SANTA ANA, CA.-
Against a backdrop of economic uncertainty and negative indicators, rare coins continued to shine tonight in California. Nearly three years after Part V of the D. Brent Pogue Collection hit the market, the most valuable coin collection ever sold cemented its grip on the record books with a white glove sale adding more than $15 million to the collection total.
The two leading lots were among the most famous rarities in the whole realm of United States coinage. Leading all sales was the finest known example of the legendary 1854-S half eagle, the first $5 gold coin struck in the San Francisco Mint. The best example of the three confirmed to still exist, it realized $1.92 million. An example of the King of American Coins, the rare 1804 dollar, brought $1.44 million.
Among other lots, a high-quality example of the rarest early American half cent, struck in 1796, brought $336,000. Rare gold coins included a historic 1841 quarter eagle ($2.50 gold coin), a rarity known as the Little Princess to coin collectors, that brought $408,000. The finest known 1854-S quarter eagle realized $384,000. Several rare $20 gold pieces, called double eagles, exceeded $100,000, including two different 1907 High Relief pieces (at $222,000 and $456,000), a particularly high grade 1875-S $20 ($432,000), and a 1927-S $20 at $264,000.
In his lifetime, D. Brent Pogue became one of the most prominent figures in American numismatics. Year by year, item by item, with the eye of a connoisseur he gathered the most valuable collection ever to cross the auction block, said Stacks Bowers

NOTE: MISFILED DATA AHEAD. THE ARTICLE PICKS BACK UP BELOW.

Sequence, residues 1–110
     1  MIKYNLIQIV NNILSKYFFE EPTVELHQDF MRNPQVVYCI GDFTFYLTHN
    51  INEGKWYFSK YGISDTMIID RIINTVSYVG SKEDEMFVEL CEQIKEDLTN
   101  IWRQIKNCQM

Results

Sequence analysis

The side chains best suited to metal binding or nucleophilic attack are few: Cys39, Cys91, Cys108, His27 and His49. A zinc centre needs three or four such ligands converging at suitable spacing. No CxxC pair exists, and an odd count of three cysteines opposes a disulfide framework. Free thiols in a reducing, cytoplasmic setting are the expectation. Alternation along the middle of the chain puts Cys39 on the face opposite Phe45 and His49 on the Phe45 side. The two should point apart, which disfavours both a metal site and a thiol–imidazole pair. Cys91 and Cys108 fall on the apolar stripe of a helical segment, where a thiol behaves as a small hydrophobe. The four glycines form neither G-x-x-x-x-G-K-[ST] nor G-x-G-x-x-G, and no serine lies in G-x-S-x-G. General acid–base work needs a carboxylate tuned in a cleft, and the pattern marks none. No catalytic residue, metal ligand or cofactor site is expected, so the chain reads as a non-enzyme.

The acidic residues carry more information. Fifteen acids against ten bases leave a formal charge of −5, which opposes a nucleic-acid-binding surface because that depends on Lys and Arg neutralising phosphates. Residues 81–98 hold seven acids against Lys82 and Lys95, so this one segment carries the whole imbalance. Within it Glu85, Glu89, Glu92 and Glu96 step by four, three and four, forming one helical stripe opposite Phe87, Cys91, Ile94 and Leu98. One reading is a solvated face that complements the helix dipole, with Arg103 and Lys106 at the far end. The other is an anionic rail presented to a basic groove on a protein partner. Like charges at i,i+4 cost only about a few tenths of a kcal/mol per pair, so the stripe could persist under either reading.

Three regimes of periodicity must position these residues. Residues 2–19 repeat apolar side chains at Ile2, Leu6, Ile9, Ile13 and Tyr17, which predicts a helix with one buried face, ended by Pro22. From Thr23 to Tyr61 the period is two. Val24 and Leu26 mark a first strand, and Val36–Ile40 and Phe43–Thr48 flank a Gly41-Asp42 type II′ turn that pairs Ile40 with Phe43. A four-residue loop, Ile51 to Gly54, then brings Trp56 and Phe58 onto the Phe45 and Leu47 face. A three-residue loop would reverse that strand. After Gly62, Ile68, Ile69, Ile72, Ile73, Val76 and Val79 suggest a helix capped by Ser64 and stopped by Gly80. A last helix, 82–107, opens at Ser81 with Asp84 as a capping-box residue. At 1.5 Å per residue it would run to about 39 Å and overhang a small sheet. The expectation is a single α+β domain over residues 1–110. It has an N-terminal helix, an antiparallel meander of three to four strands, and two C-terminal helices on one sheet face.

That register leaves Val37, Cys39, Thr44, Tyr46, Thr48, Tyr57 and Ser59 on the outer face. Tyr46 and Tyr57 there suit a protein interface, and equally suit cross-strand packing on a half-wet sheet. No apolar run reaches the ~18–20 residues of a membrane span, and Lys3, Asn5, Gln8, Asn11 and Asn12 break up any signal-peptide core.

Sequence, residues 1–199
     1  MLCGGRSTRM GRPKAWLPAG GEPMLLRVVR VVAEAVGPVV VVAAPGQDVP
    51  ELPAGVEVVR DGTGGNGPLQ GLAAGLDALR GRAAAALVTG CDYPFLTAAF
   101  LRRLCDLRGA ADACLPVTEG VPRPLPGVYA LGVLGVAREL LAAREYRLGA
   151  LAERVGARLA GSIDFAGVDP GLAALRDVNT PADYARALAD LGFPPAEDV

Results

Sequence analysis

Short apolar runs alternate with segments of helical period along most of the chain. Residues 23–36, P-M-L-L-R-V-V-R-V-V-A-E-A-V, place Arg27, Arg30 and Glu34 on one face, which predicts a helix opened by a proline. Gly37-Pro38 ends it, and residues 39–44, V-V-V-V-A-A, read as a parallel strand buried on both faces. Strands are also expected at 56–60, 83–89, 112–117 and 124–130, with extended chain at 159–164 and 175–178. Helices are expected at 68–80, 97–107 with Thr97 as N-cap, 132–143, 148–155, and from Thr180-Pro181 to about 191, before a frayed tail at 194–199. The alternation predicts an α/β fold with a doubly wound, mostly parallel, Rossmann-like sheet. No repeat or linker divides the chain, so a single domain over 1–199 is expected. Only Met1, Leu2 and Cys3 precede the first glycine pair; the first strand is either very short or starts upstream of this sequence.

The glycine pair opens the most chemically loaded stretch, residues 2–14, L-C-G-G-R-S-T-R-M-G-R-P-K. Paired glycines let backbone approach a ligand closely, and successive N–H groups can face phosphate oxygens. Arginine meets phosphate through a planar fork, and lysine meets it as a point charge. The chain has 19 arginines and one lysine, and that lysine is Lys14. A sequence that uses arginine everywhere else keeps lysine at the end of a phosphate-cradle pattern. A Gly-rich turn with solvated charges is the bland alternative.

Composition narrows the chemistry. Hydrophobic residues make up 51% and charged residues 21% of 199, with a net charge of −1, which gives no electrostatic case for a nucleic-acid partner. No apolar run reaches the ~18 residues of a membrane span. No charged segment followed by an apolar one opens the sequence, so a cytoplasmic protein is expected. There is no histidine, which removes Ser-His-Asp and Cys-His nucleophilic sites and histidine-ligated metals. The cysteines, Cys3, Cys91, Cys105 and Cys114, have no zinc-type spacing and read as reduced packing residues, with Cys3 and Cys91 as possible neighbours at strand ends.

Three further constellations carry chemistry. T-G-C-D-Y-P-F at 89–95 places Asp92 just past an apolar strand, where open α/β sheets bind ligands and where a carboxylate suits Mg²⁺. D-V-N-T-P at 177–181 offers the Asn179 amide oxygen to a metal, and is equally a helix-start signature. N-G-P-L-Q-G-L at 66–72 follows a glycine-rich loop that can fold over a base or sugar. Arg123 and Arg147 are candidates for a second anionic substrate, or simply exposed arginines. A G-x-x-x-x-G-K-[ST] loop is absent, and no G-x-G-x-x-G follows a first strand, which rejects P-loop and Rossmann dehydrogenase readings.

President Brian Kendrella. He always enjoyed sharing his knowledge and collecting pursuits with other hobbyists and dealers. Stack's Bowers Galleries is pleased to honor Brent's legacy as we present this magnificent collection to a new generation of numismatists.
To date, the Pogue Collection has realized $122,012,480 for the coins and $131,298,560 total, including the paper money collection sold earlier this week. Originally scheduled to be held in Baltimore, the auction was moved to Stacks Bowers Galleries headquarters in Santa Ana following the cancellation of all public events in the state of Maryland. With most bidders participating online or by telephone, the 420 lots realized 104% of their presale HIGH estimates, which were determined well before recent economic difficulties.